Monday, June 16, 2008
Today, June 16th, is the anniversary of the Soweto uprising in South Africa in 1976.
This was an extraordinary day in that country's history. The schoolchildren of Soweto, near Johannesburg, the country's largest city and its commercial hub, rose in rebellion against a requirement of the apartheid government that they learn in Afrikaans, the 'language of the oppressor', as they saw it, as well as in English and their tribal languages.
The violence that exploded on that day would continue to roll across the country for eighteen years. Only in 1994 would democracy finally come to South Africa and the system of apartheid - one of the most evil and noxious systems of government in the world - end at last.
The world-famous photograph above shows Mbuyisa Makhubo carrying the body of 12-year-old Hector Pieterson, shot by police on that day. Hector's sister Antoinette runs alongside them.
The Soweto uprising marked the radical polarization of South Africa's Black youth. Until then the older generations had largely remained silent under the oppression of apartheid, protesting at times, but cowed by institutionalized State violence whenever necessary. At last the youth of the country had had enough. They were not prepared to tamely accept what their parents had considered inevitable or unavoidable - and they saw no reason why they should not respond to the institutionalized violence and oppression of the State with violence of their own.
I vividly recall the events of June 16th, 1976. It was a 'wake-up call' for the whole country. The great tragedy is that so much of the (entirely legitimate) Black resistance to apartheid was taken over by Communist-trained leaders, who proceeded to use the same violence against their own communities and people in an attempt to take over leadership of the 'struggle', dispose of rivals, and intimidate the people into supporting their particular brand of 'liberation'.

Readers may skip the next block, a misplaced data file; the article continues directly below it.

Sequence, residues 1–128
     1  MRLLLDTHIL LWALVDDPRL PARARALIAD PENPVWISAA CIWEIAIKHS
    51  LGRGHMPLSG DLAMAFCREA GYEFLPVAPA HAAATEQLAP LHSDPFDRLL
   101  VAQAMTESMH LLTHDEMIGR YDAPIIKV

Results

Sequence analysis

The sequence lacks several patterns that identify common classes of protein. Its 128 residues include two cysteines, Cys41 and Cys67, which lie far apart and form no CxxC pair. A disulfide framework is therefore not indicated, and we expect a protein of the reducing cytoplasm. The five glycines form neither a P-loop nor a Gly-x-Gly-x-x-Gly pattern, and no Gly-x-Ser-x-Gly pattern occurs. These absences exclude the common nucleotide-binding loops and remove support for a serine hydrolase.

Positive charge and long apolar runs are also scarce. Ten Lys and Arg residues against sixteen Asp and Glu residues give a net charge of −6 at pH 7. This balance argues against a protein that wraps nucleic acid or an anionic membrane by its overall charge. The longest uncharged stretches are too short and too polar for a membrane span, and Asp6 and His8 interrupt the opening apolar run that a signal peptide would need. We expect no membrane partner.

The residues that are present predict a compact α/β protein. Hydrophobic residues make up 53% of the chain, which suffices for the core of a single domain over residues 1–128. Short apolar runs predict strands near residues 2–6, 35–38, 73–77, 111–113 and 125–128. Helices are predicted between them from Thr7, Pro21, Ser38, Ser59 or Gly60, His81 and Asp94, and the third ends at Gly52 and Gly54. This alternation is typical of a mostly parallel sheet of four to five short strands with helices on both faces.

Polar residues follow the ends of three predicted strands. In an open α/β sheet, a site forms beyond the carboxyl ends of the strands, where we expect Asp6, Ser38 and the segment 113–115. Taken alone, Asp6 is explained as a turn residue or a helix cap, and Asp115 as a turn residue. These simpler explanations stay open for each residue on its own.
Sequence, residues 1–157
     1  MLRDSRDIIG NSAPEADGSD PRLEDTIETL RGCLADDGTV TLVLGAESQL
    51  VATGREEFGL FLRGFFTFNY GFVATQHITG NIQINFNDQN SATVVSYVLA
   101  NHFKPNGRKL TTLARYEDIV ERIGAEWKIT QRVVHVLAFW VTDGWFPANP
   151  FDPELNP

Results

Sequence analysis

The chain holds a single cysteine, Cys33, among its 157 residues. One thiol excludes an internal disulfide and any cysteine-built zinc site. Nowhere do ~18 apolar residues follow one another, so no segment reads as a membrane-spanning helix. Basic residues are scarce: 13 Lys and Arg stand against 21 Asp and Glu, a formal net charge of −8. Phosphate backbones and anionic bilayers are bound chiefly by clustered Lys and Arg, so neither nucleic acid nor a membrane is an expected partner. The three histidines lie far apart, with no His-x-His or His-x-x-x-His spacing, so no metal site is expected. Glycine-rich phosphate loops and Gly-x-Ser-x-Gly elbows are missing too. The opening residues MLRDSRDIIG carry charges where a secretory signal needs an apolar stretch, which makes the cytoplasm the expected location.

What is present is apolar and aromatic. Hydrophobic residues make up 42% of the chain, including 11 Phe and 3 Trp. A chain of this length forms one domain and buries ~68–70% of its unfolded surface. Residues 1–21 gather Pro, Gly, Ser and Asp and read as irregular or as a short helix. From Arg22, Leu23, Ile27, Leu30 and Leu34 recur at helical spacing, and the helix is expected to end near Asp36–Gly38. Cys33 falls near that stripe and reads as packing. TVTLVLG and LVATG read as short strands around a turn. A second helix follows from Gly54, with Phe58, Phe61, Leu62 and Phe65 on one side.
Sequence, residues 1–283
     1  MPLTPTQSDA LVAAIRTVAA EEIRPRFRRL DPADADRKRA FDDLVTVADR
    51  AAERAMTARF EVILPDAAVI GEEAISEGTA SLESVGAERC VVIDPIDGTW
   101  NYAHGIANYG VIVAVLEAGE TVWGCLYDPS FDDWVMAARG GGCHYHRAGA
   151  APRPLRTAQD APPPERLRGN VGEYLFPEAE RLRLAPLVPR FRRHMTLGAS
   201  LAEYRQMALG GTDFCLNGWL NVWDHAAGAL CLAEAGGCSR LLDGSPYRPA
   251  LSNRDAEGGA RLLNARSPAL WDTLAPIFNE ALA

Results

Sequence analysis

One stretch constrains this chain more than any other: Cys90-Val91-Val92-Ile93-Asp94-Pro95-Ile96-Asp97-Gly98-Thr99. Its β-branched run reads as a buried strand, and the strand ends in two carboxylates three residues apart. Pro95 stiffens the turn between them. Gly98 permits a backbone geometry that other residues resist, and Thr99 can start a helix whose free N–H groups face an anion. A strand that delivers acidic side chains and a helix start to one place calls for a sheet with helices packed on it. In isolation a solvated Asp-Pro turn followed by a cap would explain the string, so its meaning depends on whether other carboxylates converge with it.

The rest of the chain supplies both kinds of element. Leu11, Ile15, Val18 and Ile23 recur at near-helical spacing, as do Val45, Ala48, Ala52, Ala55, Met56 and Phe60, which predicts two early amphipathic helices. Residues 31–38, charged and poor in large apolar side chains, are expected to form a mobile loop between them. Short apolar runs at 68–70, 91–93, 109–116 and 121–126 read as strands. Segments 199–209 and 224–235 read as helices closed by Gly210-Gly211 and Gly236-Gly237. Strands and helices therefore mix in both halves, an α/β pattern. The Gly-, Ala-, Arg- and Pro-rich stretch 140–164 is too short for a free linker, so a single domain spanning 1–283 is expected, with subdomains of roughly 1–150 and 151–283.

Tens of thousands of people died between 1976 and 1994. The true total will certainly never be known, as many simply 'disappeared'. They were abducted, tortured for information, and murdered by the authorities; killed during riots; killed in internecine, Black-on-Black violence; murdered by Black political groups trying to remove rivals (most infamously the African National Congress's virtual elimination of the Pan Africanist Congress and the Black Consciousness Movement in the Eastern Cape region); and caught up as innocent bystanders when violence swept through their townships. I've heard figures suggesting that a hundred thousand people died during that period, and I see no reason to disbelieve that total. It may be higher.
Among those who died were twenty-seven of my friends, the vast majority of them Black.
I remain proud to have been part of the effort to help the victims of violence in South Africa, irrespective of their political affiliation or color or religion. Tragically, those groups who tried to stay apolitical, and help anyone and everyone who needed it, were seen as enemies by both sides in the struggle. We paid a heavy price in lives and injuries.
Today I remember my friends . . . and mourn for them. South Africa is the poorer for their loss. They were the bravest and the best people I ever knew.